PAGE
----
Tuesday, 3 March 2015

A spiritual frame of mind

Many years ago, when Eddie was still small, the prospect of being taken to church of a Sunday morning brought about tantrums. He did not want to go. Yet when on holiday in Przemyśl, friends of ours suggested we all go to a Greek-Catholic Ukrainian mass, Eddie came too, and at the end of the mass he wanted to stay for the next one, so entranced was he by the whole show.

In particular the music. When I first watched Michael Cimino's The Deer Hunter in the late 1970s, one scene struck me as being entirely unconvincing. The portrayal of the Ukrainian-American community certainly squared with my British-Polish upbringing, but... this church? This singing? All too Hollywoodsy - the choir must have been professional singers. And yet when I visited Ukrainian churches in Poland, the first thing that struck me was the wondrousness of the music; polyphonic, otherworldly, intensely mystical. A different world to that which one hears sung in Polish Catholic churches. Then there's the decor, the feeling that one is sharing in a profound mystery behind the gilded iconostasis - something incredibly uplifting.

Certainly having the Catholic mass in the vernacular (post Second Vatican Council) takes away from the majesty and communion with the eternal. (And the change from the King James Version to the New English Bible has had a similar effect, replacing majestic, well-loved wording, so deeply embedded in the English language, with something that reads like government health and safety guidelines.)

Before moving to Poland in the late 1990s, I'd take Moni to Ealing Abbey, a Benedictine church, where one mass each Sunday was said in Latin, and the singing by a choir of monks was quite different in quality to the tones heard at the Polish church down the road.

And while children's masses are family-friendly, when hordes of screaming four year-olds are tearing around the aisles squirting Ribena at one another, it is difficult to get into a spiritual frame of mind.

And it is this that's needed for one's consciousness to reach out to God. The right atmosphere, one conducive to prayer, leaving a space for dialogue, being open to that elusive back-channel.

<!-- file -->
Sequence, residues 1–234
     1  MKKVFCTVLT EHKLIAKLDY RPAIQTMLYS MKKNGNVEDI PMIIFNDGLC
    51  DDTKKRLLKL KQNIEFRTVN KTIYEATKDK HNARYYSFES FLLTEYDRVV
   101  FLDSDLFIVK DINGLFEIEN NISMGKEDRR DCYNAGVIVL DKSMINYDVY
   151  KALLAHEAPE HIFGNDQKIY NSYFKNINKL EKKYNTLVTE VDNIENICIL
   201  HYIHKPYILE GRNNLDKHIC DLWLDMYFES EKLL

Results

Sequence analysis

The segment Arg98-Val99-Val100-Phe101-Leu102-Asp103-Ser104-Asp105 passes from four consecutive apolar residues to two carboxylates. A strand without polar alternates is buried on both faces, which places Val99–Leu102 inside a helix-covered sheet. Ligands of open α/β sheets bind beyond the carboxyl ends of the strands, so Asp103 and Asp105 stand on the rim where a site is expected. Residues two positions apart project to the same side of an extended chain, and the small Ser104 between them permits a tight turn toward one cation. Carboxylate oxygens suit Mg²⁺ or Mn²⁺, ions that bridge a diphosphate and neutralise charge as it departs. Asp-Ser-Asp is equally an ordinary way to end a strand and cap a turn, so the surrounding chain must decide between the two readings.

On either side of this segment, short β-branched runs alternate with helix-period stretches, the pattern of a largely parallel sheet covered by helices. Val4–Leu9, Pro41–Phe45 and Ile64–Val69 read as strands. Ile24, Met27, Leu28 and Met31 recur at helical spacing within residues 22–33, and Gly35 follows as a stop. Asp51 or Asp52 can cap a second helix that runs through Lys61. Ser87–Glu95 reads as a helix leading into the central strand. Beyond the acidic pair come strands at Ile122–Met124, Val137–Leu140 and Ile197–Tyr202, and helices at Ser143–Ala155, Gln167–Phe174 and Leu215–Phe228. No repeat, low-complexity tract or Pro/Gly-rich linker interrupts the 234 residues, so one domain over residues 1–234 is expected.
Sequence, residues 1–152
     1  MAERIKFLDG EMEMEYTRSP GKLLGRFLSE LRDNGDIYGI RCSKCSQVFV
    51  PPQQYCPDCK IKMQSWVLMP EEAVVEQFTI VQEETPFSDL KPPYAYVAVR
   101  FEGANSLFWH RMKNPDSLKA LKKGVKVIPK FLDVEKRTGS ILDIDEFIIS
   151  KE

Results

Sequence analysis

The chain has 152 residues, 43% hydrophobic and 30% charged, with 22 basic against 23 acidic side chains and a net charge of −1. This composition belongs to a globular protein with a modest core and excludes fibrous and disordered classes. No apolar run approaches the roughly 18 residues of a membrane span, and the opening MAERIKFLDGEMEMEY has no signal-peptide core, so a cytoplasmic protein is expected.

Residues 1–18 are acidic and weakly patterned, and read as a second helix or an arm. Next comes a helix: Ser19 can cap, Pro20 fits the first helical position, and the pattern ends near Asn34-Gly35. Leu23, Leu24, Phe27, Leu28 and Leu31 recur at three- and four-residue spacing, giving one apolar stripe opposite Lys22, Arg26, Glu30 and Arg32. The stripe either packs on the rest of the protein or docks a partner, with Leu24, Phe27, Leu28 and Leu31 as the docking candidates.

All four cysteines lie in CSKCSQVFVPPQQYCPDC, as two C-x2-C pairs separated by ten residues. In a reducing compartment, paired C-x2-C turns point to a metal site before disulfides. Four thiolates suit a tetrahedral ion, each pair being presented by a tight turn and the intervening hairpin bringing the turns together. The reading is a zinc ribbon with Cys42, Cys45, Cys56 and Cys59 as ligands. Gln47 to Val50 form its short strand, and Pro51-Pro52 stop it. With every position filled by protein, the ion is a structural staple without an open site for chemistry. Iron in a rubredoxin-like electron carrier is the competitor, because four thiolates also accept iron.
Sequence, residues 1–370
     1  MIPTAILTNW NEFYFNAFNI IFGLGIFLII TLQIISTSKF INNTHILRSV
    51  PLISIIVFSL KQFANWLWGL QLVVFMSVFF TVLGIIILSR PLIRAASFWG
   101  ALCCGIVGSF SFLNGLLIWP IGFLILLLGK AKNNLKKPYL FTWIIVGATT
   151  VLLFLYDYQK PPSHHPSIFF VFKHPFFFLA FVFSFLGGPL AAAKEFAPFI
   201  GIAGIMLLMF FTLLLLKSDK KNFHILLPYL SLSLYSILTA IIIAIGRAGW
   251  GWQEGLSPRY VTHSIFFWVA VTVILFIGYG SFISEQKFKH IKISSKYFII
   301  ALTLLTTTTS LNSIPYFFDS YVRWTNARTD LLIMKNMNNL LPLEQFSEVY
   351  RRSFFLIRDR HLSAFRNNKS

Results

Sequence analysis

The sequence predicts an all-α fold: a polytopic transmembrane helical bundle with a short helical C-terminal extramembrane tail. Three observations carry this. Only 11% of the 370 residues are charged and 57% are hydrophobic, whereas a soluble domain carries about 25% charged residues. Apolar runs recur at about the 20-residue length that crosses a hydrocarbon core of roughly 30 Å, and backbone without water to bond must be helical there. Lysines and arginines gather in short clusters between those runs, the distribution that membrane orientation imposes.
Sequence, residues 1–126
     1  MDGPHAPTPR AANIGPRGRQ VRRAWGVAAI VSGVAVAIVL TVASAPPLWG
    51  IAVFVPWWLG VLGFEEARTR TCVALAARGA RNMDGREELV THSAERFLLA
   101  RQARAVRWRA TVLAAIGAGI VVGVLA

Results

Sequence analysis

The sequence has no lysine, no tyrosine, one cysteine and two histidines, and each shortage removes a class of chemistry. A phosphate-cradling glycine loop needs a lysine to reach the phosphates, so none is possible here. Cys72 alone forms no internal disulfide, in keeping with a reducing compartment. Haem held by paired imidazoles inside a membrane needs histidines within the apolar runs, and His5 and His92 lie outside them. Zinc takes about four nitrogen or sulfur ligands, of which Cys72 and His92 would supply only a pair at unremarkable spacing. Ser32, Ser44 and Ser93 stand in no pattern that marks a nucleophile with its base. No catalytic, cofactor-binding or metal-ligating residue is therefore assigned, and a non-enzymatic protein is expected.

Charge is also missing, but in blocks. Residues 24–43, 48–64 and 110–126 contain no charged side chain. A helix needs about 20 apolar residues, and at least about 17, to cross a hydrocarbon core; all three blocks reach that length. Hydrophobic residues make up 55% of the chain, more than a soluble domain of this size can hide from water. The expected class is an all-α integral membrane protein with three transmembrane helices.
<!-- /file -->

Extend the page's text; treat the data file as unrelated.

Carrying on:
For me, a 13th Century cathedral, be it Anglican or Catholic, in France or England or Poland (with a decent choir) does the trick. Modern churches, shorn of the decorated stonework, without the stained glass, with oaken pews replaced by bean-bags, and filled with angular, gimmicky modern art fail me in this extent.

Frankly, I find it far easier to communicate with the Infinite in the countryside or outdoors on a starry night.

Ritual without the right spiritual attitude, to me at least, has no intrinsic quality. Doing for the sake of doing, rather than genuinely seeking communion with one's Maker. A genuine search for spiritual meaning requires concentration, and an mind uncluttered by external distractions.

This does make me ask whether it is possible to seek God in the presence of many people, or whether it is a solitary quest.

Thus endeth the second week of Lent.

Link to previous post in this series: Speaking to God, listening to God

This time last year:
Sunday in the City

This time two years ago:
God's teachings

This time six years ago:
A week into Lent


AndrzejK said...

The choir (six members) at the Orthodox Church in Krynica Zdrój is absolutely amazing. They sing acapella but you have the impression of there being organs in the background. And yes give me a plain English church smelling of the ages any day over the monstrosities the Polish Catholic Church has inflicted on the landscape. For 14 centuries or more church design was fixed as to floor plan with all elements having a symbolic meaning. What the Świątynia Opaczności in Wilanów is meant to represent is probably only evident to the architect. How one is supposed to commune with the eternal in such a cacophony of architectural styles is anyone's guess.

And of course my pet hate is the way that "Barka" - Pan kiedyś stanał na brzegu has been turned into a dirge sung at one third speed in six different keys and to three different melodies at the same time. Bring back Gregorian chant say I.

Michael Dembinski said...

@ Andrzej K.

Yes - dirge is the word. Easter, a time of joy - and what does one hear? Dirges.